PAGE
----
Tuesday, July 09, 2013


I'll be gadding about the US for the next three or so weeks, so no new reviews until early August.

Hope to see everyone then...

Friday, July 05, 2013


Lao Yang - Untitled (Subjam)

I'm going to go out on a limb and guess that this isn't the first time, in world history, that a saw wheel has come packaged in a CD case as an object of contemplation. True, I haven't heard of any specific example before this but, if you were thinking about more or less circular, flat items to substitute for an audio disc, such a thing could well have sprung to mind. It's very attractive, after all, burnished steel, in this instance bearing four incisions (mine has four; the above, three) and two shade tones. It connotes sound, a fairly specific, high volume sound that can, in my experience, hover on that fine line between excruciating and divine, inhabiting an area not so far from some noise climes. It implies a kind of violence. It has heft. It feels cool, smooth and somewhat uncomfortable in one's hands. More, Lao Yang has filled the anterior section of the CD case wi a folded rectangle of black sandpaper (rough side exposed front and back) and sandwiched the blade between two discs of same, a half-inch circular hole in their center. There's no printing whatsoever to be found anywhere; all is black or silver. Not quite true--turning over the sandpaper reveals the iterated identification, "P400", the grade of the material, I assume. But there are a couple of other, small, odd things. On my copy (I have no idea if this is the case throughout the run of 50 which, per the website, are not for sale), there are two small, about a centimeter square, placards of thin cardboard. On one, floating loosely inside the case, is a drawing of a man in glasses wearing headphones, his mouth covered by an impossible to identify shape. On the other, slightly larger and wedged between the CD backing and the back of the case, is a pair of workman's or gardening gloves, one laid atop the other. Both drawings have a kind of ideographic quality as though they're abstract representatives of some function or occupation. Perhaps it's someone, and his apparel, who operates a saw.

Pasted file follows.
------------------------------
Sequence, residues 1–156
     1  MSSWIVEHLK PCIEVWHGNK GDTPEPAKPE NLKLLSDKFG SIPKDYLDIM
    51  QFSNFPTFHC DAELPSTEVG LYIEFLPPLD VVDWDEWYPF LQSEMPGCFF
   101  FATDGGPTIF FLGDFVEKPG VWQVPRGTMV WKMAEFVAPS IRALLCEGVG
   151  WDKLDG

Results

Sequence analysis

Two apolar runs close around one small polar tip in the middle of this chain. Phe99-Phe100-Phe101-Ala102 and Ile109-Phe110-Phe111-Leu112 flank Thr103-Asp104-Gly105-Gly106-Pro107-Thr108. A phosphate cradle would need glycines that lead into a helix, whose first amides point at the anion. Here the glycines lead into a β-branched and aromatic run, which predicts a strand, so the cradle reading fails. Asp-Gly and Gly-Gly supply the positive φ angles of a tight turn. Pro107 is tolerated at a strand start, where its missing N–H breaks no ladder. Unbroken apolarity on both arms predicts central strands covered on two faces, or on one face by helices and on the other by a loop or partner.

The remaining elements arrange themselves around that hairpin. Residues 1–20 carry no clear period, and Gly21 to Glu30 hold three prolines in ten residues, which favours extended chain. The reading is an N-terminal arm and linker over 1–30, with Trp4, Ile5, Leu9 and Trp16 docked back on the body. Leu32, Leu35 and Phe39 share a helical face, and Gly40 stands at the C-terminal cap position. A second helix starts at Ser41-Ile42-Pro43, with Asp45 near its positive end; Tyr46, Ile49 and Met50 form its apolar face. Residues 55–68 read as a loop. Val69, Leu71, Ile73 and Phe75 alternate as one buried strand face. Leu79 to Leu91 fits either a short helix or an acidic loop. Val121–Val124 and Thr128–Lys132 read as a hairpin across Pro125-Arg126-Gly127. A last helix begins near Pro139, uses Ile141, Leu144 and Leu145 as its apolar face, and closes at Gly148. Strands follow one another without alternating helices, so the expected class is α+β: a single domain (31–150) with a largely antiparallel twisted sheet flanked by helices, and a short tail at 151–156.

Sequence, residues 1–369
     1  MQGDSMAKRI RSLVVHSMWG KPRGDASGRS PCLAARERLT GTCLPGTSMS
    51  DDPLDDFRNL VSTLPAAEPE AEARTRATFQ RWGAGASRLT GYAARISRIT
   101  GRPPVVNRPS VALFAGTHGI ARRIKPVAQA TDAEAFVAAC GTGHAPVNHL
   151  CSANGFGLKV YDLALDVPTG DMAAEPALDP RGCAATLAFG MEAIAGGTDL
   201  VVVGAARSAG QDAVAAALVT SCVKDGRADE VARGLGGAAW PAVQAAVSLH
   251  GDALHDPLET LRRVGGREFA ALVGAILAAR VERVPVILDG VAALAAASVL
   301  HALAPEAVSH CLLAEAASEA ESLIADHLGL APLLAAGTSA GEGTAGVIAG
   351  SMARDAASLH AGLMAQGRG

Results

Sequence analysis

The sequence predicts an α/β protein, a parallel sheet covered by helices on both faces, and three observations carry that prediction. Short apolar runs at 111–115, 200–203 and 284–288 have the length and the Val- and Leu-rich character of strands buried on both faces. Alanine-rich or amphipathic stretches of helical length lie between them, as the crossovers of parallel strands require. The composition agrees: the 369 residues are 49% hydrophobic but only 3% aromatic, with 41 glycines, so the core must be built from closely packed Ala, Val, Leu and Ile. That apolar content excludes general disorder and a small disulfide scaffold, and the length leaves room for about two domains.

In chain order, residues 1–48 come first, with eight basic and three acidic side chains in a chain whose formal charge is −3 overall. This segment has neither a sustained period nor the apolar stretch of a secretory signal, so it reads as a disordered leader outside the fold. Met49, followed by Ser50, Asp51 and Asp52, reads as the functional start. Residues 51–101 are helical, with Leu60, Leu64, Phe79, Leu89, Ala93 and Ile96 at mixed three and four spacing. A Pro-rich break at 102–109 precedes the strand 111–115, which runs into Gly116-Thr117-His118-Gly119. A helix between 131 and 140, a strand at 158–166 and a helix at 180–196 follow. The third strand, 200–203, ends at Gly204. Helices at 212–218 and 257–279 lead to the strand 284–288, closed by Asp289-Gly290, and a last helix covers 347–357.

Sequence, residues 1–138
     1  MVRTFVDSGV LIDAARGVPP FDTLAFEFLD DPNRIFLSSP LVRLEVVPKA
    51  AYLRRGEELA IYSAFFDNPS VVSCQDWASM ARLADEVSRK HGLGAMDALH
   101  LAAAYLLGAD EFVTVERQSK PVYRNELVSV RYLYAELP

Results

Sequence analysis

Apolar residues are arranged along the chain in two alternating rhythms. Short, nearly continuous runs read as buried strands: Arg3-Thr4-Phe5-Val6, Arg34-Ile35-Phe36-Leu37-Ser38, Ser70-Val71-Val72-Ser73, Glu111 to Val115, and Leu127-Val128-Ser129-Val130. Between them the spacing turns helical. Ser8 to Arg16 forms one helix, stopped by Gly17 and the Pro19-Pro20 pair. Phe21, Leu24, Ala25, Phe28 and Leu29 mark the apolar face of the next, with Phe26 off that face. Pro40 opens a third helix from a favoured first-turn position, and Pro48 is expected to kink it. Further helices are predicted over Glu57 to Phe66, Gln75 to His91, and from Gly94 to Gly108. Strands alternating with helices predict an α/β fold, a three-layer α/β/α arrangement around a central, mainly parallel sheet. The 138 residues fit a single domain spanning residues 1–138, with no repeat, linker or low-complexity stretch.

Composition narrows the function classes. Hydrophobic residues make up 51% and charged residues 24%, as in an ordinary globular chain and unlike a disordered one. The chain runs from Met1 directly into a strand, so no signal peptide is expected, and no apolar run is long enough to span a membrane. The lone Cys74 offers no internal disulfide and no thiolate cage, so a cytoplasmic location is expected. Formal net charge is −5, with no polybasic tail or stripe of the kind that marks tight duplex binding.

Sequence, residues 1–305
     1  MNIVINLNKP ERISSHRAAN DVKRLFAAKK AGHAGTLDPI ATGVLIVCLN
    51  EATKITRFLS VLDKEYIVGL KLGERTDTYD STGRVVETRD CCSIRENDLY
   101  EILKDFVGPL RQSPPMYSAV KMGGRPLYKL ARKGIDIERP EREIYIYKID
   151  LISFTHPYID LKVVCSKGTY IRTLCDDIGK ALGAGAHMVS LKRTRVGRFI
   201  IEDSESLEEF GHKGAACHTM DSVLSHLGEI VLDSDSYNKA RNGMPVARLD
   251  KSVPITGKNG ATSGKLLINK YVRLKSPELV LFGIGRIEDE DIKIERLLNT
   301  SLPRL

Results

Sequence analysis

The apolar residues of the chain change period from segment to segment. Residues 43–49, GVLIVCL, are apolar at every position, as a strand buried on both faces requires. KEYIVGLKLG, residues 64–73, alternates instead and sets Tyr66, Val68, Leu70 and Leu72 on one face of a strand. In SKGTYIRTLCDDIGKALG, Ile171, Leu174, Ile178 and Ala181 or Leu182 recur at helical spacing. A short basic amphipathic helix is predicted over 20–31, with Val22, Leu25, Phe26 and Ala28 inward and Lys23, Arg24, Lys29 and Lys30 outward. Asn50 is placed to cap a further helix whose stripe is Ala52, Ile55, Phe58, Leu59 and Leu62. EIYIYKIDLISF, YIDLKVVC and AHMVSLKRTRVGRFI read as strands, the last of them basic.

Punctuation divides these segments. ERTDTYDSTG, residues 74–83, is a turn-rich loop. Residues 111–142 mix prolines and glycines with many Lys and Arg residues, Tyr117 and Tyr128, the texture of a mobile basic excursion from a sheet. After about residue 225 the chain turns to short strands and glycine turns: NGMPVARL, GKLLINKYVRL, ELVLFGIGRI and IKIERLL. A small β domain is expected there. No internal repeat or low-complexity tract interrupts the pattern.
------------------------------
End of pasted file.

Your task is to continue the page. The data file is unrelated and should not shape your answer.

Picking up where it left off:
Olaf Hochherz - watching (Kwanyin)

"Half-animals" is how Hochherz describes the creatures he's created here. The uninformed listener may wonder if he's listening to especially clear and pristine field recordings of insect, amphibian and bird life or if it's an entirely electronic construct. I think the latter though I'm not sure the sounds, or some of them, don't have an ultimate genesis in the analog world. In any case, we're presented with some 42 minutes of these sounds, varying about as much or little as one might encounter near a pond at night, chirruping along at a low level, quite individuated, with the random odd sound or momentary increase in volume. It slips easily into whatever your ambient environment happens to be, unassuming, just slightly alien, a gentle forest of electronic crickets and peepers. Strangely satisfying, somehow more so than many a "real" field recording.

Tim Blechmann/Manuel Knapp - untitled 89 (Kwanyin)

When last heard from (by me), only a couple of months back, mssrs. Blechmann and Knapp had produced a work titled "VIII", a lengthy, droning surge that was ok if a bit thin in substance. This one has some of that feeling, but more structural variation and more reverberant, vibratory kind of sound. I just happened to have rewatched 'Stalker' for the third time the other evening; not sure if I would have attached a Stalker-ish aspect to this music had I not but, well, you could do worse for comparisons. It's bleakly industrial, a barely functioning factory in the wee hours, sluggishly in motion, lights barely flickering. It combusts now and then, sizzles for a bit, subsides. Blechmann and Knapp do a really good job reining in any potentially showoff-y or spectacular urges, keeping things multiple shades of gray, richly layered. Good job, strong work.

btw, you can hear these releases - well, two of them - at the site below...


Wednesday, July 03, 2013


Matthieu Ruhlmann - This Star Teaches Bending (3LEAVES)